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Chipotle Wraps Up Business in Harvard Square

Chipotle staff, shown here during yesterday’s “free burrito” promotion, served about 3,000 hungry patrons during the course of the rainy day.
Chipotle staff, shown here during yesterday’s “free burrito” promotion, served about 3,000 hungry patrons during the course of the rainy day.
By Declan J. Knieriem and Katelyn X. Li, Crimson Staff Writers

Chipotle Mexican Grill will no longer be an option for students seeking to satisfy their burrito cravings. The fast casual Mexican restaurant closed down its Harvard Square location earlier this month.

Chipotle, known for its burritos and burrito bowls, has occupied a place at One Brattle Square for over a decade. Declining popularity and intense competition from rival Mexican restaurants like El Jefe’s Taqueria and Felipe’s Mexican Taqueria were driving forces behind Chipotle’s departure, according to Executive Director of the Harvard Square Business Association Denise A. Jillson.

“We knew for a while they were struggling to keep open. They just weren’t getting the kind of business that they needed in order to stay an active and viable business in Harvard Square,” Jillson said.

Chipotle is the latest in a string of Harvard Square businesses to close its doors, following the closings of Crema Cafe and Tealuxe in December.

The restaurant was met by an enthusiastic welcome when it first moved into Harvard Square in early 2008. Its grand opening saw long lines of hungry diners, eager to support the chain’s arrival in the Square – and to grab a celebratory free burrito. But its popularity has waned in recent years.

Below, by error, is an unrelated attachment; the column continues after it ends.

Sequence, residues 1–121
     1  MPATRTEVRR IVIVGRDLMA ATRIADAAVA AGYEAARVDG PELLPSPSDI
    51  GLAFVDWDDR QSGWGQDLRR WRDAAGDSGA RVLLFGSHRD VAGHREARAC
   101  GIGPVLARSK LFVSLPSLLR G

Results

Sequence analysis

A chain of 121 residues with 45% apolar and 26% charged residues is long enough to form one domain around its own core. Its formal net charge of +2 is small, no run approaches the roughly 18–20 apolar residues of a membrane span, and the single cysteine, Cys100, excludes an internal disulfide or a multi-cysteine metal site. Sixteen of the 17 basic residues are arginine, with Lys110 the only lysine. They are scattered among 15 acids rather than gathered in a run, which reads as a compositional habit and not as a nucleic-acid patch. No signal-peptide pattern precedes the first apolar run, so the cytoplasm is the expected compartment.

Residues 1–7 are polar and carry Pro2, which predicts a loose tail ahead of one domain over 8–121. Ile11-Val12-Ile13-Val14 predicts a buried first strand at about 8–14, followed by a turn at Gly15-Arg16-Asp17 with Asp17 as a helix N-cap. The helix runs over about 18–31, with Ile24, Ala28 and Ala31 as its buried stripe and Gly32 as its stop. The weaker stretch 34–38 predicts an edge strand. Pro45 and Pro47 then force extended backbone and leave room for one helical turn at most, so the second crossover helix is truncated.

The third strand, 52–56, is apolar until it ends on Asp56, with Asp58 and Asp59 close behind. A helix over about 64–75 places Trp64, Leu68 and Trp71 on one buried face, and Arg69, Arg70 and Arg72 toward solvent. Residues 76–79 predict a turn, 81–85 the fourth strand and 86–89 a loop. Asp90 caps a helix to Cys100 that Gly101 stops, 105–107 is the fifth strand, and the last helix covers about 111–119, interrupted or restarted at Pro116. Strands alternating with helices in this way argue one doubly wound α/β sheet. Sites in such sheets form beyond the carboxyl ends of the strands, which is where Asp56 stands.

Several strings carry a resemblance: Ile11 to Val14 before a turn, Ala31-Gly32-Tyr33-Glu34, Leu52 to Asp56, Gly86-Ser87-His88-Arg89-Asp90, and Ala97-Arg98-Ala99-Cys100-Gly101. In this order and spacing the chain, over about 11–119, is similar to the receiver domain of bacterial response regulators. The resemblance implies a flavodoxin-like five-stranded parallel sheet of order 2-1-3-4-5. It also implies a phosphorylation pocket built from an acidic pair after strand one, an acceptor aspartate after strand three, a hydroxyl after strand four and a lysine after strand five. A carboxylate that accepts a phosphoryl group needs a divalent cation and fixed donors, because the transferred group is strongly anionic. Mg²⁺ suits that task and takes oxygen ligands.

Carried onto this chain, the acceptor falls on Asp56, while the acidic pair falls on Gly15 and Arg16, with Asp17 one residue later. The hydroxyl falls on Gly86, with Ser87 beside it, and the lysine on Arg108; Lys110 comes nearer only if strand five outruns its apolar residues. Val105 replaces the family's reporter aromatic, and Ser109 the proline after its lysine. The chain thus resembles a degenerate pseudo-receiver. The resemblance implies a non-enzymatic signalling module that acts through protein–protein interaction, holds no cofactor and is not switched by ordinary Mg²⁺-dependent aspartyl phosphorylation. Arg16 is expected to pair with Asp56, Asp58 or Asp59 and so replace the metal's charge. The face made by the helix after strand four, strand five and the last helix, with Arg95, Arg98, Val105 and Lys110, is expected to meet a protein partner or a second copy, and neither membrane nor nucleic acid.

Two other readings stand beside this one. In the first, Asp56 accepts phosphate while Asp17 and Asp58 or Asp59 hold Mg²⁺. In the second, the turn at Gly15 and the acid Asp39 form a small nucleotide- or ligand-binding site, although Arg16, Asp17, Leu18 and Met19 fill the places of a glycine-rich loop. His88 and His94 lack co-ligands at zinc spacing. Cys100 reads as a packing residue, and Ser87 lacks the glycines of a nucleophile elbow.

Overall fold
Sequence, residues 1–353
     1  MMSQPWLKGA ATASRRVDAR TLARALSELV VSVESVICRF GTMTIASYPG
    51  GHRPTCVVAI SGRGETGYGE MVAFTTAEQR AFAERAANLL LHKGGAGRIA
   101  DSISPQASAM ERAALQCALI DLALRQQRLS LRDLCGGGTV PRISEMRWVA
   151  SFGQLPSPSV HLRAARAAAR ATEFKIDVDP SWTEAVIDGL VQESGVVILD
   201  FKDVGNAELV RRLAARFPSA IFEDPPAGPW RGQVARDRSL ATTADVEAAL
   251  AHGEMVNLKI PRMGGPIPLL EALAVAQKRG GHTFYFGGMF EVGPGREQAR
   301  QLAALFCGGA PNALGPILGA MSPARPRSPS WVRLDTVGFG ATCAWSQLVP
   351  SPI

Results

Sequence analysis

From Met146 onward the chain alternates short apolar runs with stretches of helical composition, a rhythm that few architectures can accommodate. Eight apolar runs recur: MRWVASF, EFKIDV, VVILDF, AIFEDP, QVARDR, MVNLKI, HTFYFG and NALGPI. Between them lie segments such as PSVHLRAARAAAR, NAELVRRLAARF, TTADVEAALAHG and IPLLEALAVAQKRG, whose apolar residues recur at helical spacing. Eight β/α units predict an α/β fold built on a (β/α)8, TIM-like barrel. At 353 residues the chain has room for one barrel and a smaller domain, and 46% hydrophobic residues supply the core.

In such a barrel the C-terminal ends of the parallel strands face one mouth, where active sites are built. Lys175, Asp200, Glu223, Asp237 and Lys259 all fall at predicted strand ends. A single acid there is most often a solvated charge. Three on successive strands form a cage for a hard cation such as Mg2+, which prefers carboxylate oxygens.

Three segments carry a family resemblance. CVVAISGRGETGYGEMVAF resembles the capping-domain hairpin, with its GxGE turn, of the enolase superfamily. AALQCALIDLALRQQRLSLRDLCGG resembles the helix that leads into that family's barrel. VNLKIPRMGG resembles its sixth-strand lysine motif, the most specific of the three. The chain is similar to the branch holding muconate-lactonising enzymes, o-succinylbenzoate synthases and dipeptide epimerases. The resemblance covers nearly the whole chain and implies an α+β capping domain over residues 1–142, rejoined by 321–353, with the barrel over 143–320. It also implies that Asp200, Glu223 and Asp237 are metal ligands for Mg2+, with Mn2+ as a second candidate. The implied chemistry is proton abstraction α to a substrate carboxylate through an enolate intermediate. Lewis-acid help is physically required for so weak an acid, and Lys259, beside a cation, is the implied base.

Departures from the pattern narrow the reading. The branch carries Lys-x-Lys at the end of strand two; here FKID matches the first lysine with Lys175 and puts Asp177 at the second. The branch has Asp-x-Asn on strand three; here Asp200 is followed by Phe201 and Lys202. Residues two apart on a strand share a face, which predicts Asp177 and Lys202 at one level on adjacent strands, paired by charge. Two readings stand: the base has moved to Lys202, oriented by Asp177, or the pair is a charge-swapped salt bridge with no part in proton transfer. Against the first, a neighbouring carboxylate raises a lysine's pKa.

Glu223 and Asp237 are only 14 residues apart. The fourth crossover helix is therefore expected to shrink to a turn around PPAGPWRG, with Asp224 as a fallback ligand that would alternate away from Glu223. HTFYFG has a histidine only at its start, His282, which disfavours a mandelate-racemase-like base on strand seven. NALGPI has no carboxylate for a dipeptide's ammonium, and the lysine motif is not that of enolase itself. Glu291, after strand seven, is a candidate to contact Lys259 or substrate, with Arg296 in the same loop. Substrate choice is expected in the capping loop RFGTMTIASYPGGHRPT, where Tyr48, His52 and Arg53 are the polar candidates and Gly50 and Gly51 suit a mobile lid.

Jillson said Chipotle has failed to match its rivals in the Square in attracting customers. Other Mexican restaurants in the Square have retained loyal consumer bases that have given them the upper hand, according to Jillson.

“When a business fails or leaves the Square, there’s always more than one reason and, many times, in almost all cases, it’s consumer driven,” she said.

Jillson also cited the negative publicity surrounding recent outbreaks of foodborne illnesses as a potential cause of the business’s waning success. In 2015, 80 Boston College students fell ill with norovirus after eating at a local Chipotle. The chain’s reputation suffered another blow in the summer of 2018 after an outbreak of the clostridium perfringens bacteria in an Ohio restaurant.

Chipotle National Headquarters did not respond to a request for comment.

It is unclear who will fill the space left by Chipotle. Piedmont Office Realty Trust, Inc., the real estate investment firm that owns the property at One Brattle Square, did not respond to a request for comment.

Several students said they valued Chipotle’s convenience, quality, and affordability, and will miss the restaurant.

“I always liked Chipotle,” Clay E. Oxford ’22 said. “It was a good, reliable option, and I always knew what I was getting.”

Lauren A. Sierra ’19 said she was saddened and disappointed by the news of Chipotle closing. She said she will now have to go to El Jefe’s and Felipe’s for her burrito bowls.

“I just don’t understand why we can't have nice things,” Sierra, a former Crimson editor, said.

Though it will now be harder for Harvard students to dine at Chipotle, Cambridge residents still have access to four other Chipotle locations across the city. The nearest Chipotle to Harvard Square will now be be on Massachusetts Ave. in Cambridge’s Central Square.

Diab “Dody” T. Eid ’20 wrote in an email that Chipotle’s closure has left him shocked and dismayed.

“This is the worst thing to happen to Cambridge, maybe ever,” Eid wrote. “Every time I walk by the Harvard University Employees Credit Union—as one so often does—I’ll look across the street, only to be reminded of what was once there, but is now lost forever.”

—Staff writer Katelyn X. Li can be reached at

—Staff writer Declan J. Knieriem can be reached at Follow him on Twitter @DeclanKnieriem.

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